I was fortunate enough when I was younger to play Irish Hockey at school and Irish U21s, and through that, I came to know former College Principal Gladys Ruddock. She is a wonderful lady and she was a spectacular principal, and she headhunted me for Alex. I spent my first two years out of college at a school near here, and she came in for me twice. The second time I said, “Right, I’m coming to Alex.” It’s my spiritual home here I think because I’m an ardent feminist. My late dad always taught me that you have to look out for those less fortunate, which echoed something that Henrietta White said in 1892, “We must look out for those less fortunate than us.” So between the hockey, the feminism, and the philanthropy, I was made for this College and I adore it. I’m as passionate about Alex now as I was when I walked through the door in 1987. I was like Harry Potter in Hogwarts, just struck by the magic, and the magic’s still there.
How have you adapted your teaching for Covid-19?
Covid-19 was really impactful for me because I wasn’t allowed in as I was very high risk. It was a long, lonely, isolated streak of time where I badly missed the Alex community. I Zoomed the whole way through it and never missed a class, and it’s a measure of how great our girls are that all my Learning Support girls and last year’s 3B English were brilliant and really supportive. So I kept going with Zoom, but I think it’s really enhanced my empathy for the girls and what people went through during the pandemic because it was really isolating to be cut off from my community that way. It really reinforced my belief that the key quality that education must have is empathy.
What has been the highlight of your time in Alex so far?
There are two massive highlights that immediately come to mind. I took over basketball after 15 years as Head of Hockey, and I said to the girls, “Right, you have to show the same commitment and work ethic; stop looking at it as a Cinderella sport and believe in yourselves,” and we won the All-Ireland tournament that year. That was absolutely outstanding; we came back from Tallaght Arena and Mr Murray was in the Concourse doing the 4th Year play, and they gave us a spontaneous standing ovation. Everything around that win was just an outstanding memory.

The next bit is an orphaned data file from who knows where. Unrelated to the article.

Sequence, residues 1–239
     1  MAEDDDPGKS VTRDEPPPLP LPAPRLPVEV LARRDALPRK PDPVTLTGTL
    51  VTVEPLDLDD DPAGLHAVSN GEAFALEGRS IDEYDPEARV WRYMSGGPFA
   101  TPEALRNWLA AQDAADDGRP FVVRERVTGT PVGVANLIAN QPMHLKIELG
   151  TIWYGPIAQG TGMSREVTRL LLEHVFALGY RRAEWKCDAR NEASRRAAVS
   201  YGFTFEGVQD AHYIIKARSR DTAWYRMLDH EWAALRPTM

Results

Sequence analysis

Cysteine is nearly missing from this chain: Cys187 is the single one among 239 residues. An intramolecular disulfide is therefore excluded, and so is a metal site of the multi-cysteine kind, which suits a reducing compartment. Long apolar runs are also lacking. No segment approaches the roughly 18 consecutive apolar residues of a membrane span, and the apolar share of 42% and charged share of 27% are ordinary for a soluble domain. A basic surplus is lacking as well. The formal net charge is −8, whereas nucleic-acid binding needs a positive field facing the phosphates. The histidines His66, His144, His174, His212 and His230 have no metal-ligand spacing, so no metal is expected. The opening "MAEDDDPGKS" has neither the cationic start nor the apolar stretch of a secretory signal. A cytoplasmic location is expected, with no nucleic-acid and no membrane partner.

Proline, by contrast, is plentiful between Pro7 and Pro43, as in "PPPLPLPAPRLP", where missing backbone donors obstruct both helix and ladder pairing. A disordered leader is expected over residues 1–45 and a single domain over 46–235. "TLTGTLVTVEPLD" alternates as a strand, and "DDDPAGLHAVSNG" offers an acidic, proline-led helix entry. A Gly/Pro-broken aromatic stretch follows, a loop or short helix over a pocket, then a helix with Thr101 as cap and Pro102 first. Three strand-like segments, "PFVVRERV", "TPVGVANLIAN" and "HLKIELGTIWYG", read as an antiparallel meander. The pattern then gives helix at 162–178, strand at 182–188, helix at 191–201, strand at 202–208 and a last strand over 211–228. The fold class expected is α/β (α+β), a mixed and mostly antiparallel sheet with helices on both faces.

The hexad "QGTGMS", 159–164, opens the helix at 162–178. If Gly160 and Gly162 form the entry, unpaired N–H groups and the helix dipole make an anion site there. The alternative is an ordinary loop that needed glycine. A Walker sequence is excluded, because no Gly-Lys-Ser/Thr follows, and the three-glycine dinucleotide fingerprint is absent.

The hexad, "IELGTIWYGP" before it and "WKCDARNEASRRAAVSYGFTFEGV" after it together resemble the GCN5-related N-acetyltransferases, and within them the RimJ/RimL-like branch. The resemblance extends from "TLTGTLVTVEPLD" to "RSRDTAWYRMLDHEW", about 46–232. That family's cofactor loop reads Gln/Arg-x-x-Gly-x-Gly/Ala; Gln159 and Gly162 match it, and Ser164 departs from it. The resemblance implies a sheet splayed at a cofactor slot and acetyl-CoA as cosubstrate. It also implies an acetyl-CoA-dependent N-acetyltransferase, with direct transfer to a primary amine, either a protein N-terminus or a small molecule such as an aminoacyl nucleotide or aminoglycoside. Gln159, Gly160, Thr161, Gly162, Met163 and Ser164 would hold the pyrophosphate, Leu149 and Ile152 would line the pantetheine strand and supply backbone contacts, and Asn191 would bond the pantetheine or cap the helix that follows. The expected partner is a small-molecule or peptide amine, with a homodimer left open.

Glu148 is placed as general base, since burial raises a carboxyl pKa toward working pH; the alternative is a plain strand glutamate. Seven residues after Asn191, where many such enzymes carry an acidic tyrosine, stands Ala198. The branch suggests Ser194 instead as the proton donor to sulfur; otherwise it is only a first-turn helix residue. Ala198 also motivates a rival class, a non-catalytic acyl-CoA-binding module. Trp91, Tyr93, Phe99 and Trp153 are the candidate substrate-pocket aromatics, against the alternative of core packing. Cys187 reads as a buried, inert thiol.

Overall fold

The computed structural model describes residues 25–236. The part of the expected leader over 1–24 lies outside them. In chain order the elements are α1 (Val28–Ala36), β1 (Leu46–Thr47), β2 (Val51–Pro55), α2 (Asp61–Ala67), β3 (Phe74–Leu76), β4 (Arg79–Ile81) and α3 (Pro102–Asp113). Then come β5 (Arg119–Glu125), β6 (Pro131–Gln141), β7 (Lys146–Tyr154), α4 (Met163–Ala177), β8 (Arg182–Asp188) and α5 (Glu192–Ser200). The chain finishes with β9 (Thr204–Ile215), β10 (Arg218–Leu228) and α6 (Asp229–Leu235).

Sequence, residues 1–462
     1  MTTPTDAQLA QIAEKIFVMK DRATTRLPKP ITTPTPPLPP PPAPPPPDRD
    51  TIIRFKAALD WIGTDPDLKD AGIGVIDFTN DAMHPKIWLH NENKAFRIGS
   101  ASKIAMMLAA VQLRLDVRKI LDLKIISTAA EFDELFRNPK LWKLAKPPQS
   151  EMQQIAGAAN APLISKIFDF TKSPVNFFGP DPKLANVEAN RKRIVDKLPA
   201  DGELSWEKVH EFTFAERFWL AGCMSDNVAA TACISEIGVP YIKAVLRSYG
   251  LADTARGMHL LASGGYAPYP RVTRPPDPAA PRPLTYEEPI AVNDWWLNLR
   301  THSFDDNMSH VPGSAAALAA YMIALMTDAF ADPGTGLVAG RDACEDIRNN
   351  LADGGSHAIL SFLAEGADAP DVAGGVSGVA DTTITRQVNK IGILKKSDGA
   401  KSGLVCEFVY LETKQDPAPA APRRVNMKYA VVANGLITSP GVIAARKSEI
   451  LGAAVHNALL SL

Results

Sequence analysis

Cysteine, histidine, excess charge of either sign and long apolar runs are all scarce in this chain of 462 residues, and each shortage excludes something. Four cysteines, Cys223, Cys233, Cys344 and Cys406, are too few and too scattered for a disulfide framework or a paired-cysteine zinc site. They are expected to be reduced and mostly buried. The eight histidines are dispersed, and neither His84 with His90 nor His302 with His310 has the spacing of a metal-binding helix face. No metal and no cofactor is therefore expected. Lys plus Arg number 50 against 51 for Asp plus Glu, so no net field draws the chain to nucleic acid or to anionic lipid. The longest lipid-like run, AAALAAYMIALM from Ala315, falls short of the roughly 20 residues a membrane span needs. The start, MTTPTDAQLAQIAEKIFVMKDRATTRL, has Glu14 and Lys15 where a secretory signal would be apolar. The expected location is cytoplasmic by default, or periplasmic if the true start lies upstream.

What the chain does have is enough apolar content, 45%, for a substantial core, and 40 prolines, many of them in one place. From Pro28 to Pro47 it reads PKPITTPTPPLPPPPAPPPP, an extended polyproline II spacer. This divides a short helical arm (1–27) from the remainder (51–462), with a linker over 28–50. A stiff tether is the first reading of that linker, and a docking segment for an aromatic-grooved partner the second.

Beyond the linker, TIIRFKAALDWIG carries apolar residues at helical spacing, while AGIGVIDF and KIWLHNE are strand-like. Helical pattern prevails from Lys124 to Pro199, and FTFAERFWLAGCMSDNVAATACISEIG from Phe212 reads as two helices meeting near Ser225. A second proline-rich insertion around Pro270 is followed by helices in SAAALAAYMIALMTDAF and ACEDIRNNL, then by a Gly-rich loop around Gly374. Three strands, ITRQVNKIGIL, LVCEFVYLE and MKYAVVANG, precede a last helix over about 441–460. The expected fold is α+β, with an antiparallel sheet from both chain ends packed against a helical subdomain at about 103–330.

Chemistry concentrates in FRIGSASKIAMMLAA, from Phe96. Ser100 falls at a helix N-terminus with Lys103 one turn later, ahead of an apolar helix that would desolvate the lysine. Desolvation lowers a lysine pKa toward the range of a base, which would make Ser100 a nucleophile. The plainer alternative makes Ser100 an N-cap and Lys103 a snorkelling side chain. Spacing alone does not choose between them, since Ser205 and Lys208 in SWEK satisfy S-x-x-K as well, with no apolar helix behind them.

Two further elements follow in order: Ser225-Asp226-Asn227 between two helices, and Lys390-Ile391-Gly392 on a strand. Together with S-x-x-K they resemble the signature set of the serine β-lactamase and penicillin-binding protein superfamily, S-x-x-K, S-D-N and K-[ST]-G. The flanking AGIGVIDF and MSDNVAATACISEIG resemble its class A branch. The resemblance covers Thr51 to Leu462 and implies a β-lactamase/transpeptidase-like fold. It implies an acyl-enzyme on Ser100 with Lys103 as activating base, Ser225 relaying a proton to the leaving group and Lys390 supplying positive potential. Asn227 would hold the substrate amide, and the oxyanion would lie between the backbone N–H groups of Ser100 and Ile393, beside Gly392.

My second highlight was the Fun Day we had out here on a Sunday for girls from St. Louise De Marillac National School in Ballyfermot, which is a DEIS school. I started a charity with great support from Ms Ennis and Ms Corr called Back to the Future. I wanted us to go back to our roots when Alex would look after the tenement kids in the city and their families. Every year group in the school was asked to donate different items for goody bags, staff gave up their time, and we had a Fun Day for the girls from St. Louise’s. Mr Cooney brought his Ballymun Lullaby students who performed for us, the Junior School paid for an ice cream van, we gave them Dominoes pizza; it was a brilliant day and truly memorable. The entire Alex community came together and donated funds, time, or effort, which was completely overwhelming and it’s a measure of our generosity. It’s one of my standout memories because I just glowed with pride, it was right back to our roots and was the best of Alex. I have loads of other highlights, Fun Days, other wins with hockey, cricket, and badminton, and just other brilliant days here, days where the girls make you feel 10 foot tall, but those are the two standouts.